The Tokeland Hotel

I ventured to Tokeland expecting to see the oldest hotel in Washington state.
It’s on the national historic register, playfully rumored to be haunted, and totally feels suspended in time. Why wouldn’t this adventurer go there? My nose followed the online images of food and the lake house atmosphere. Verily the edge of the world, this 134-year-old hotel sits on the Tokeland spit at the northwest edge of Willapa Bay and ever so near the Pacific Ocean. What I experienced was far more than I expected.

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Willapa Bay in winter

When that sun rose over Willapa Bay, the coffee was brewing in the kitchen, the pigs were grazing in the yard, and someone had a guitar strumming; it felt homey. Waking up in the Tokeland Hotel is like waking up at a grandparent’s house. But, I’m getting ahead of myself; let me start with the prior evening.

It was the First Annual Crawfish Festival, out on the sprawling yard that trailed off into the bay. Massive pots held boiling crawfish, red potatoes, corn cobs, and andouille sausage. A Cajun band sang and played on the back porch with a violin, a guitar, accordions, and a washboard. It was a good time for all. People mingled, dogs played, children circled.

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Eventually, I retired to my room, but the evening festivities continued, which I could happily hear through the very thin walls. A loud “YEEEEEHAAAWWW!” rose up from the backyard Cajun crawfish crowd, and I could hear every hotel guest walk down the creaky hall, key in their doors (they issue you a real key), murmurs of conversations. (I decided this must have been the same experience for anyone in any hotel in the old west. Walls so thin you could hear cards being dealt at the poker table in the saloon below.) It gave that feeling of being in a house with others… at home. The big living rooms downstairs were lined with couchfuls of people reading books, playing chess, staking claims in front of the late night fire in the fireplace.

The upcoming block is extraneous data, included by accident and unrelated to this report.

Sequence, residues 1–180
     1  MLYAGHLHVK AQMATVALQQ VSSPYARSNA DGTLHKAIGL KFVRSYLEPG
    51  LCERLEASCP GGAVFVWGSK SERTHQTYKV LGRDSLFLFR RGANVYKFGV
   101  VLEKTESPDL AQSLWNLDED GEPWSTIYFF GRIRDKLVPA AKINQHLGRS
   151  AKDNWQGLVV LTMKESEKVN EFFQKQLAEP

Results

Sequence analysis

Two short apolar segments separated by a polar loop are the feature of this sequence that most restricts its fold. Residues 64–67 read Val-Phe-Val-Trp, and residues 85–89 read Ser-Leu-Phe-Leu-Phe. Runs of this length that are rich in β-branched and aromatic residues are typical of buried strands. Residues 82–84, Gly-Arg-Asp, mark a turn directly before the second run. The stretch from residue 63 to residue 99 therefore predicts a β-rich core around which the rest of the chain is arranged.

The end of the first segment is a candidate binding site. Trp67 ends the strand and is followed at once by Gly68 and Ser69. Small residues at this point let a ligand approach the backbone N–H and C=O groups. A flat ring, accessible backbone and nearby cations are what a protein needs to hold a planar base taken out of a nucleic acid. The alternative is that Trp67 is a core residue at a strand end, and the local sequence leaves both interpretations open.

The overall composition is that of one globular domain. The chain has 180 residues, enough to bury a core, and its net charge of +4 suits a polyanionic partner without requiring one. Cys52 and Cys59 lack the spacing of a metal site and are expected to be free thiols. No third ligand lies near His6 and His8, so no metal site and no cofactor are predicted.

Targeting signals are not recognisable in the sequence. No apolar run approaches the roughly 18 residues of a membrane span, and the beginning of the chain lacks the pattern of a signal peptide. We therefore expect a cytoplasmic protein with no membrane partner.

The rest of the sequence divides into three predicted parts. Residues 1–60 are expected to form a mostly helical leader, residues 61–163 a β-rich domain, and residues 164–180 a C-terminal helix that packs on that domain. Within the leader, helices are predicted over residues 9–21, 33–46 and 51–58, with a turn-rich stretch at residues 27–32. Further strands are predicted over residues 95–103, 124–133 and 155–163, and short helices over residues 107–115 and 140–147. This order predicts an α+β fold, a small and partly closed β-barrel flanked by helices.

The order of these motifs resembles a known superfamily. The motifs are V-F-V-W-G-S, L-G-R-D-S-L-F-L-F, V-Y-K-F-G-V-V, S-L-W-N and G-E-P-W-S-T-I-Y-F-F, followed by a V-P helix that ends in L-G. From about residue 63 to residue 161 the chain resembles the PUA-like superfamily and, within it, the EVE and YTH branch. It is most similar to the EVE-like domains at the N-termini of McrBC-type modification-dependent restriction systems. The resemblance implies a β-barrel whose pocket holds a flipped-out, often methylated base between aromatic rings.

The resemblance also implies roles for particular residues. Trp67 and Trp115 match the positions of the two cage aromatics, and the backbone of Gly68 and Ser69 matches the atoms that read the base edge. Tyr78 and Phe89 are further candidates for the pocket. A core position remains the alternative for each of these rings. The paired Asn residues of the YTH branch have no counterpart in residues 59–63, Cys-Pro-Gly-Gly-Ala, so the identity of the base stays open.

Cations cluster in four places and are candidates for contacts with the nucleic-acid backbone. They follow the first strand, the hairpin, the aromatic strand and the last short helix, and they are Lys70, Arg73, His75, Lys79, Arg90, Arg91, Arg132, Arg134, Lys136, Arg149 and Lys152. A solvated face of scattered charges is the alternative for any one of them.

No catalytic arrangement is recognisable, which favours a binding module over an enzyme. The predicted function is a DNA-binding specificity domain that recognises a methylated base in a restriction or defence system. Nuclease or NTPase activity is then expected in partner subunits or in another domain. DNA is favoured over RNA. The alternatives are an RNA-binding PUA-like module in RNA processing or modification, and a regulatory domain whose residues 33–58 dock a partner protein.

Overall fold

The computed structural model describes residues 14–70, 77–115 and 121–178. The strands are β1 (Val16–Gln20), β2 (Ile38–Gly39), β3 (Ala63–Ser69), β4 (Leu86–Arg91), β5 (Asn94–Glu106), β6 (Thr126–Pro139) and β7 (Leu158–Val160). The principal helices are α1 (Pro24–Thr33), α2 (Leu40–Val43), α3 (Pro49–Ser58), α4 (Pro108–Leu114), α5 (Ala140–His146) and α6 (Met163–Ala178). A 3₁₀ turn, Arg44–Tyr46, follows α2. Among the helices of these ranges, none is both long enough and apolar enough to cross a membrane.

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Before the house came alive, when that low light of early morning lingered, the place was silent except for the birds and snorts of rooting pigs outside. I tried to tip-toe down the wooden staircase, a hopeless feat. Upon entering the living room, the smell of the now cold fireplace and its recent fire smell hung in the air. I sat for a moment in the quiet and let my eyes wander among the décor. A canoe hung from the ceiling by the front window, no less than four pianos around the parlor perimeter, and some


parakeets in a cage that sat under an old photograph of and American Gothic looking couple… each with a bird on their heads and shaded sunglasses on their eyes. Curious.
Tankards, bird statues, antlers, bookshelves, more photographs, a log book of the hotel’s paranormal activity, and elegant chandeliers all contribute to the eclectic theme. There is simply too much to report. And that’s just it; the Tokeland Hotel must be experienced. Stopping by on a road trip for a quick glimpse of the main lobby misses the mark by leagues. One must be there to sit, eat, sleep, listen, and absorb life on the bay.

We were all cozily packed into this old house, in our small single rooms, sharing the bathroom at the end of the hall, like a big home. In a big hotel you don’t hear the hall shower running or a groggy morning baby crying as you are on your way down to see if the coffee is ready.

Sit in the living room and read the history of the bay, of Chief Toke, and the previous owners of the hotel; read about the area’s history while you sip coffee and watch


the pigs out the window. You’ll be comfortable if you enjoy nostalgia, and you’ll feel like you’re surrounded by others who do as well. Someone may ask you to pass the ketchup, a baby may toddle by, and everyone seems to understand that the big yellow dog at the door is not allowed to come in, no matter how happy he looks.

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Willapa Bay Area

One thought on “The Tokeland Hotel

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  1. You described this place perfectly. We have been there twice and it’s starting to feel like we’re part of the Tokeland family.


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